(This post first appeared on the Drucker Exchange, a daily blog produced by the Drucker Institute at Claremont Graduate University. It appears here with permission.)
The man who proved Karl Marx wrong was, according to Peter Drucker, American management expert Frederick Taylor.
Taylor had the insight that factory workers could be made more productive through improvements in technology and management—rather than merely through longer, harder hours. What’s more, those workers could share in the fruits of growth.
“Without Taylor, the number of industrial workers would still have grown fast, but they would have been Marx’s exploited proletarians,” Drucker wrote in The New Realities. “Instead, the larger the number of blue-collar workers who went into the plants, the more they became ‘middle class’ and ‘bourgeois’ in their incomes and their standards of living.”
For the past 30 years, however, this has been less and less true. In a new paper called “The Case for Wage-Led Growth,” Jeff Madrick of the Roosevelt Institute and Schwartz Center for Economic Policy Analysis, argues that much of our current economic misfortune can be traced to a low-wage model of growth. “The share of wages and salaries in Gross Domestic Product (GDP) has declined in most rich nations over the past 20 to 30 years,” Madrick writes, and the result has been “an inadequate level of aggregate demand needed for rapid, job-creating GDP growth.”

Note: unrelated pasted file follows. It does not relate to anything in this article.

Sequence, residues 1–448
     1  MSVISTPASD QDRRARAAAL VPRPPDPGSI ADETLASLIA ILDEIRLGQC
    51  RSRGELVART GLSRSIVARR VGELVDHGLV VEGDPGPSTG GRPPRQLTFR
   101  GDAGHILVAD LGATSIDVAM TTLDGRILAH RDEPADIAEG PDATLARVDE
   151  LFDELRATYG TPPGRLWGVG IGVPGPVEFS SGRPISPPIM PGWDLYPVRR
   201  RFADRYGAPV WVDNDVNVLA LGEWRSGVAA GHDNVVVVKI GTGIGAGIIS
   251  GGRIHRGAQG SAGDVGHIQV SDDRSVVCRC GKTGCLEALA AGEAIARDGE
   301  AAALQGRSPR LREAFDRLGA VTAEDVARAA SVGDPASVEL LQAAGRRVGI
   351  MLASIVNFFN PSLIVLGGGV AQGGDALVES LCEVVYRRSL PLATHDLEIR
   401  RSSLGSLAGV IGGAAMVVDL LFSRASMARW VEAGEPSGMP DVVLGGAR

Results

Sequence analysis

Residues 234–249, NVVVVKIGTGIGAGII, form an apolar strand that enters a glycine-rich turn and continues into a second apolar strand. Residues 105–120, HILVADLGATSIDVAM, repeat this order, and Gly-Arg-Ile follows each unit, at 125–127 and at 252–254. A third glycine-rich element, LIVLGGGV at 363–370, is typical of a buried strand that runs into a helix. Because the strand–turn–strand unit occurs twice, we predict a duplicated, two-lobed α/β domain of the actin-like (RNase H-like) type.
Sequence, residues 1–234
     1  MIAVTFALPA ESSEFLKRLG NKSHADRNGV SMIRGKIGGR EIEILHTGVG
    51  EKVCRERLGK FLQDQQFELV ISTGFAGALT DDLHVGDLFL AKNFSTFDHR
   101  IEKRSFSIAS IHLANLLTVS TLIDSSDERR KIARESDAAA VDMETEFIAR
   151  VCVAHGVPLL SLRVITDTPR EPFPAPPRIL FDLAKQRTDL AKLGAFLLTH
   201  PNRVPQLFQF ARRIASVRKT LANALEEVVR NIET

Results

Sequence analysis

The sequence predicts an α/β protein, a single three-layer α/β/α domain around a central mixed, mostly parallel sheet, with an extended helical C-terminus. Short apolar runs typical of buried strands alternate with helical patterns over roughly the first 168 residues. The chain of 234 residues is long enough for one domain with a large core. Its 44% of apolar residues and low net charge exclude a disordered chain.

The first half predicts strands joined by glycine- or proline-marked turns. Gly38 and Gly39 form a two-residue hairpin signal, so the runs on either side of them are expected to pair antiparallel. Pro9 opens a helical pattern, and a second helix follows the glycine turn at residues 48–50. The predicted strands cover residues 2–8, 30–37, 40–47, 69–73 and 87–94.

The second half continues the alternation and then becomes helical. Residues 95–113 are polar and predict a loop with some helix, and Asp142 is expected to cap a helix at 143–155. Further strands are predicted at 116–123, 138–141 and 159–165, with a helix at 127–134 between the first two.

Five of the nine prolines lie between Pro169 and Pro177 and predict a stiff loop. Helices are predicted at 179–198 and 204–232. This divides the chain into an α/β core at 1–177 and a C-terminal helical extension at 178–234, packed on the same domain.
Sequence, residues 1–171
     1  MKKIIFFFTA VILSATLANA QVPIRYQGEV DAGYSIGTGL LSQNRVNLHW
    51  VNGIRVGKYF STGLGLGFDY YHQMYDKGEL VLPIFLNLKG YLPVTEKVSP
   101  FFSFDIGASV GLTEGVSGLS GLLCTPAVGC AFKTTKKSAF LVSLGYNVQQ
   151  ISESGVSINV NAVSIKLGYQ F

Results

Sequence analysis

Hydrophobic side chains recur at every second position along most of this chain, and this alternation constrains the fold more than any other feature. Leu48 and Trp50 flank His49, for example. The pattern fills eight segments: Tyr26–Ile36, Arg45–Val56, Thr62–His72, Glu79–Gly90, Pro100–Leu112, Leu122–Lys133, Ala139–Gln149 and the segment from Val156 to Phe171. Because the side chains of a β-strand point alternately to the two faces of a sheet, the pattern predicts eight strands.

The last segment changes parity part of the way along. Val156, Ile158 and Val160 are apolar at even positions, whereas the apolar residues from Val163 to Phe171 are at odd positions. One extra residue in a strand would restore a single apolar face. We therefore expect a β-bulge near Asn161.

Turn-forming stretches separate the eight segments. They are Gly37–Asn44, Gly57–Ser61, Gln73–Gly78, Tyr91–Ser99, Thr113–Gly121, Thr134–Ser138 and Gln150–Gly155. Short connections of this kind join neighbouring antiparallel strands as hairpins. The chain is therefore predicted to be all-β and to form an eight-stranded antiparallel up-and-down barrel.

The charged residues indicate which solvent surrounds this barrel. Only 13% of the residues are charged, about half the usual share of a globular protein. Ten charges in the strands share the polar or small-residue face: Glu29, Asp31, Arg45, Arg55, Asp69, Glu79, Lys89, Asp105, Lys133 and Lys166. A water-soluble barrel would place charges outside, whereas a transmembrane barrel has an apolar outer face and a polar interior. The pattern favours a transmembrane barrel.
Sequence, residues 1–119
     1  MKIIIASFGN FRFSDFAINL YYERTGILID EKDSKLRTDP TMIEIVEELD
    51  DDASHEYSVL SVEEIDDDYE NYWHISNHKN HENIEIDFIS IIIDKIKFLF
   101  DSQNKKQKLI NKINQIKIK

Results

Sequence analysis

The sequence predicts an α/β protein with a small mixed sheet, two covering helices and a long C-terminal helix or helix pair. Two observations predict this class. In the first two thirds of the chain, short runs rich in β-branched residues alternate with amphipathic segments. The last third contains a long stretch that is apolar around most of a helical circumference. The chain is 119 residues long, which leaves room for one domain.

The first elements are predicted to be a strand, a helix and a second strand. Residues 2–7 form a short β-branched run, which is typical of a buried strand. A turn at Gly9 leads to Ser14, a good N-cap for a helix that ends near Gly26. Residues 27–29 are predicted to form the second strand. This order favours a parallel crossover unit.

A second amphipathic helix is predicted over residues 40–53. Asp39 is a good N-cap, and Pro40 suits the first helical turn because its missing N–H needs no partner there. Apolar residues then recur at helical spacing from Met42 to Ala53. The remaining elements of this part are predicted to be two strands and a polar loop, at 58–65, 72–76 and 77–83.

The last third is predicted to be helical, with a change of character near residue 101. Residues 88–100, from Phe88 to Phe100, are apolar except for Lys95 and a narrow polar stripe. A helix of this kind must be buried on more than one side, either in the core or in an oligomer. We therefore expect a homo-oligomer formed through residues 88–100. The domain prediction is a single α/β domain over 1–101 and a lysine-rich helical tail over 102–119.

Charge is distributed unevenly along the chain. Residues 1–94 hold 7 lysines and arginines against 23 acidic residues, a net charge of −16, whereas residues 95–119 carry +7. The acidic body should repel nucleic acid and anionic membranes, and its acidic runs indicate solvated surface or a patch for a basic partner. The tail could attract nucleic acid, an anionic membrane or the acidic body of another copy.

Madrick says we should be giving low-skilled workers a bigger piece of the pie so that they will spend their new earnings and stimulate sustainable growth that isn’t based on borrowing. Specifically, we ought to be considering “a higher minimum wage, laws to protect labor organizing, government job creation programs and a reduction in financial influence.”
Drucker may well have approved of some of these ideas. Living in the era he did, however, much of his career was spent watching the share of wages to GDP increase in the United States. By 1982, near the zenith of this trend, Drucker had become concerned that wages were too high relative to GDP, because they were squeezing out capital formation.
“When the labor movement started, well over 100 years ago, labor’s share of GNP was at most 40 percent or so,” Drucker wrote in The Changing World of the Executive, “Hence, Samuel Gompers, the pioneering leader of American labor, defined the aim of labor as ‘More.’ But can this aim still be maintained when labor income is 85 percent of national product and there is no more ‘more’?”
For this reason, Drucker suggested a conversation about “what limits have to be set on labor income as a share of gross product to enable a company, an industry or a country to form enough capital for the jobs of tomorrow.”